Few HEMA-related products have caused as much debate as the Dave Rawlings/Knightshop range of Synthetic Swords. This comes quite natural as they were developed in close collaboration with the HEMA community, and the way we practice differ quite a lot inbetween clubs. So how has the Red Dragon Armoury succeeded in satisfying all our different expectations?
The answer is complicated and to be perfectly honest, I find the Knightshop line of synthetic swords a bit tricky to review, which is the reason why the review was delayed quite a bit. Although I have had concerns for some of the characteristics of the blades and share other peoples’ concern regarding “whippiness” and a tendency to leave somewhat nastier bruises, I also think it is partly a matter of using the right tool for the job. Furthermore, I am deeply impressed by the manufacturer’s ambition to improve on the blades to make them suit the HEMA fencers’ needs while maintaining a sustainable production method that works with mass production.
With that said, the Knightshop synthetic longswords have both advantages and disadvantages.
The blades are quite safe in thrusting. At the same time, a bit too large flexibility still makes working from the bind rather tricky and since this is essential in the fencing most of us study, it is a problem. However, it becomes less pronounced with each “generation” of these swords, as the maker continuously seeks to improve on these swords in close collaboration with the HEMA community.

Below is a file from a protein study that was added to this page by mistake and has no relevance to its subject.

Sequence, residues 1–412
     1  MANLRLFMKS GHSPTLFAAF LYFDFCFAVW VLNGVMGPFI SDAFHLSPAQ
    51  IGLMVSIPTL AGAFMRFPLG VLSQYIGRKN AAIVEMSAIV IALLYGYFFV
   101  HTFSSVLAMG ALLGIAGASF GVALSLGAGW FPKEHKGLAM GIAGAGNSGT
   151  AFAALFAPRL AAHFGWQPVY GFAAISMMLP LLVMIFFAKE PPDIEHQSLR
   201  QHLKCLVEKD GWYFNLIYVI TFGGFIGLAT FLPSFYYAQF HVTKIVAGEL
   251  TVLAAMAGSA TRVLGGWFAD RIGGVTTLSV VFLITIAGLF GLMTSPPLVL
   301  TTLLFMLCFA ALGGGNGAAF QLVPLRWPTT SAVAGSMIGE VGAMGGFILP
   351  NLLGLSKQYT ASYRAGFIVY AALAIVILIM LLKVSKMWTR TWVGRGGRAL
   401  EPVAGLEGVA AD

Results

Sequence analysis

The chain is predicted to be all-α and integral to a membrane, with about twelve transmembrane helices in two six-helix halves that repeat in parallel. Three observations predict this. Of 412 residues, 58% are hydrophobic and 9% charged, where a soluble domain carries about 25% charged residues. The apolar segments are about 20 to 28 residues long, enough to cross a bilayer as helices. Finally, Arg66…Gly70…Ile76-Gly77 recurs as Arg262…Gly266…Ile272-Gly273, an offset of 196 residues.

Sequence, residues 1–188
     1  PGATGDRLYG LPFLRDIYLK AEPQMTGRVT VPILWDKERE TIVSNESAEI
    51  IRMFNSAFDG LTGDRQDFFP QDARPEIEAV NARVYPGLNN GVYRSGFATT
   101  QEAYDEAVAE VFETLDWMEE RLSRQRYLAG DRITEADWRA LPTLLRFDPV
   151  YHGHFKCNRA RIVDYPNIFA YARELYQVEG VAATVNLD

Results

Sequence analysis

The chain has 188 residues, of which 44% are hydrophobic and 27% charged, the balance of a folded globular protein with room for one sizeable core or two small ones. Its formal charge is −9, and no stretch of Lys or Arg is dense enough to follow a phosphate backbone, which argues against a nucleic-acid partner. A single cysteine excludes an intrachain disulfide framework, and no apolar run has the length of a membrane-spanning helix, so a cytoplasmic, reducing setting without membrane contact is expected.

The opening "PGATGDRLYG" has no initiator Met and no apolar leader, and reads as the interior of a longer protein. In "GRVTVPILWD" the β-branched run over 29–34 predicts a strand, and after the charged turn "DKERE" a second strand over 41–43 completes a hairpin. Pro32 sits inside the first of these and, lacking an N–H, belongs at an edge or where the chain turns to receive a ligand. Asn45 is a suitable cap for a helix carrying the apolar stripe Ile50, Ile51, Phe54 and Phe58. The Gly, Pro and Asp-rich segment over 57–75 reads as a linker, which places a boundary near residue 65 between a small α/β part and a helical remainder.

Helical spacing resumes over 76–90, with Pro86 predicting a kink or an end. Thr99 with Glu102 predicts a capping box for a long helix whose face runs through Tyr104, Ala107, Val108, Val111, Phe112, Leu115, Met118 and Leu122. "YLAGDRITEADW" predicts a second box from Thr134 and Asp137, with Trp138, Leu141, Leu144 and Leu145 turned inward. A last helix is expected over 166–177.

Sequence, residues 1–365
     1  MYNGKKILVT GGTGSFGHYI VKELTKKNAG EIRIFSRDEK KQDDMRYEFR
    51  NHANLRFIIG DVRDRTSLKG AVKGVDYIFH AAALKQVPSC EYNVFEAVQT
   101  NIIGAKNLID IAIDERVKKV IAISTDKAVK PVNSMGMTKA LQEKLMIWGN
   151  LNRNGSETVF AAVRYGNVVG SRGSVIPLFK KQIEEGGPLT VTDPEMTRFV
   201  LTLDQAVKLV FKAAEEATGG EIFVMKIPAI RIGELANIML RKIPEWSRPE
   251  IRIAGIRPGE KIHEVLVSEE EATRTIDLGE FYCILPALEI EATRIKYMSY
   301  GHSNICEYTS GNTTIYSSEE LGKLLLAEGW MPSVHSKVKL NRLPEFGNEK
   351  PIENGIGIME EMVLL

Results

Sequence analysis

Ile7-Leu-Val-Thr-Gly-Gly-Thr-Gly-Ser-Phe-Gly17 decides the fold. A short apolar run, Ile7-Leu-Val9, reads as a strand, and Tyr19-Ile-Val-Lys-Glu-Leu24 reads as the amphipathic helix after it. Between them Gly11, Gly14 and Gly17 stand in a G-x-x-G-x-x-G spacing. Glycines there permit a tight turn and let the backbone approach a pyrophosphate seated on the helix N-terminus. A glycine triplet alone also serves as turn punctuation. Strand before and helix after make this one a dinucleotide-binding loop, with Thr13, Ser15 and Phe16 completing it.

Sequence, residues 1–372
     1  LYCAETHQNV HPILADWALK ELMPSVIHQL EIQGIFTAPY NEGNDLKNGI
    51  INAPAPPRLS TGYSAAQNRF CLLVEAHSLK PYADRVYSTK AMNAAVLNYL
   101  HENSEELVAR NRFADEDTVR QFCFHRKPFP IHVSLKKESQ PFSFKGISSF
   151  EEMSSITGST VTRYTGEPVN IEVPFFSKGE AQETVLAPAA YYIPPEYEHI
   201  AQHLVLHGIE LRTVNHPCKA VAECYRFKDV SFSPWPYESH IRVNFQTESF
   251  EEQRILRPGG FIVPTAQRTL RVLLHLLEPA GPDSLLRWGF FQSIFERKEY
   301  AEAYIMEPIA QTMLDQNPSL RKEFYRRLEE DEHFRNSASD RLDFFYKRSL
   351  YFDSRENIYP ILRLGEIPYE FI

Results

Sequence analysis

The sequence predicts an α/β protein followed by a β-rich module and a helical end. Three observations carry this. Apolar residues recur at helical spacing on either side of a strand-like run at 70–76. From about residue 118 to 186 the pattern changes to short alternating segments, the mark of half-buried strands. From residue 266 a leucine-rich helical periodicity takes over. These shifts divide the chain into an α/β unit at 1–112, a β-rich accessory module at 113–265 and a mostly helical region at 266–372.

The somewhat thin edges, combined with the length and the described “whippiness” tend to leave nastier bruises than other synthetic longswords, if you use little protection. If you spar in a t-shirt, like I often do, then you can count on large bruises with neat lines criss-crossing assorted parts of your body. Personally, I don’t mind much as long as they don’t leave fractures or torn flesh. The advantage of the thinner edges is that the bind is more similar to that of steel, which of course is a good thing.
The durability also used to have a bit left to desire, but this requires a little background history: As these are cast, as opposed to most other synthetic swords which are milled and cut into shape, the manufacturing process used to involve three points where the mass was injected during the casting process. Unfortunately, the forward one left a weak point where some of the old blades tended to break. Knightshop has since then removed this injection point which should remedy this problem on all succeeding swords. Also, not all of the old blades show this problem. Furthermore, with the Pro-Line Extreme, the blades are said to be 20 times tougher than the preceding versions, making them virtually indestructible.
The design of the cross, grip and pommel is really good in my opinion, with the pommel being nice and smooth in the rear hand and the cross having real nice balls at the ends to prevent from piercing skin. There is also a “long pommel” available, although not in steel, which adds a couple of inches to the grip. A really cool solution for those wishing for longer grips. And for those who prefer a wheel pommel, that is available as well.
The optional steel pommels and crosses are wonderful and make the swords look considerably more serious and professional.